Monday, 12 December 2016
The TOTP seed storage dilemma
This means that we do not know the password people have used! We can check a password attempt against the hash (and then forget the password), but we never store the actual password.
If the user database was to be compromised in any way the attackers would not get real passwords, and so could not use them. More importantly, given so many people re-use passwords, it does not give then the passwords people are using on other systems.
So far, so good.
In additional to passwords we are now using two factor authentication using an authenticator app that provides a new 6 digit code every 30 seconds (Timed One Time Passwords). This uses a seed that is a long random number which is stored in the app and which we have to know as well - that way we can generate the same code and check it matches. We actually generate the codes for the last few minutes and check it matches any of them.
This creates two factors - one is something you know, being the username and password, and the other is something you have being the smartphone app or authenticator device. There are, of course, issues of ensuring the two have the same seed, but using a QR code on an https page seems a good compromise.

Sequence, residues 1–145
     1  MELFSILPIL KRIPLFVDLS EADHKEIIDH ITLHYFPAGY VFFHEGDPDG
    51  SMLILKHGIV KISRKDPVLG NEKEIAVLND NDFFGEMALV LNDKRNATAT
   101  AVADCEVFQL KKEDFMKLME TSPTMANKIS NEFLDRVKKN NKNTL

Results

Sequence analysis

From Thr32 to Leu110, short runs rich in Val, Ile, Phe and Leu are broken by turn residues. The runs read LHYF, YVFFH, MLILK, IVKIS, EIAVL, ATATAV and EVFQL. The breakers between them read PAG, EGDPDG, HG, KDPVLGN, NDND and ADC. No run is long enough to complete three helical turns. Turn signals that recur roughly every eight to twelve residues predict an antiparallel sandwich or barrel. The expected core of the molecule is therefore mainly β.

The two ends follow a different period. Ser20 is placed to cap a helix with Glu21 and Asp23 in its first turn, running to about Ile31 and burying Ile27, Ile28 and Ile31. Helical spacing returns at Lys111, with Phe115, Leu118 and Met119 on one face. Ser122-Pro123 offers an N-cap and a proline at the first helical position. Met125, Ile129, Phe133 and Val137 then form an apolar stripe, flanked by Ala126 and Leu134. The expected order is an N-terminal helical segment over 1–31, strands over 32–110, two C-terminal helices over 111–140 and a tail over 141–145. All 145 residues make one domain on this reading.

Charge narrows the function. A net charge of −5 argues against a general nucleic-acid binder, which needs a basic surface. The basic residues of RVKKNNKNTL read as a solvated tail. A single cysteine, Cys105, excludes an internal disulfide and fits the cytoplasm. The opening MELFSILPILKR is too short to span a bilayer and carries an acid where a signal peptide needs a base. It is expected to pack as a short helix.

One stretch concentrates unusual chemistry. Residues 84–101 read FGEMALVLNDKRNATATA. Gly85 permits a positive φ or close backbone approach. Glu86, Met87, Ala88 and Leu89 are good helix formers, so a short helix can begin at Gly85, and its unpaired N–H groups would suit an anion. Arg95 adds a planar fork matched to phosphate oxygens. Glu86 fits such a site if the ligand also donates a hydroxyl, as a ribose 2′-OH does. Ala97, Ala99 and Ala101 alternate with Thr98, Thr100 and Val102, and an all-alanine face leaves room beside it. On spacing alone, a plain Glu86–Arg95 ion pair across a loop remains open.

The problem is that we have to be able to see the seed to check the code, so it is not hidden. If that seed gets out then the authenticator is compromised as someone else can always generate the same codes. So in an ideal world we do not want to be storing this seed in the clear.
The small revelation I had this morning was that we could simply encrypt the seed with the plain text password. This means that when you provide the passwords and authenticator code, we can check the password, and knowing it is right we can use it to decrypt the seed and check the code, all in one go.
This is great, and I nearly rushed off an implemented it before realising a significant number of shortcomings with this.
One big problem is lost passwords. When changing password you always have to know old and new passwords so as to decrypt the seed with the old one and re-encrypt with the new one. This is fine for a change password form, but not for any sort of lost password reset process.
Indeed, at present, we use the authenticator code to validate the reset password request that is sent by email (so working email as well as using the authenticator code as two factors). However, if the authenticator code cannot be validated without the password, you cannot do that. You either have to trust just the email working, which is not ideal, or you have to find some other validation process as well. Also, when resetting a password you have no choice but to also issue a new authenticator seed and reset up the app with that new seed.
You also cannot use the code as a validator when talking to staff as they could only check the code unless they also have the password, and we would never want to ask a customer for their password.
So this creates a trade off - transparent storage of the seed on our systems and added convenience and some extra security on password reset, or encrypted seed on our system and some much more constrained processes and less convenience.
I can see we may end up with the underlying libraries allowing both options and using for different systems as appropriate.
Isn't security fun some times :-)
P.S. Read the comments - at least one important point I had not realised.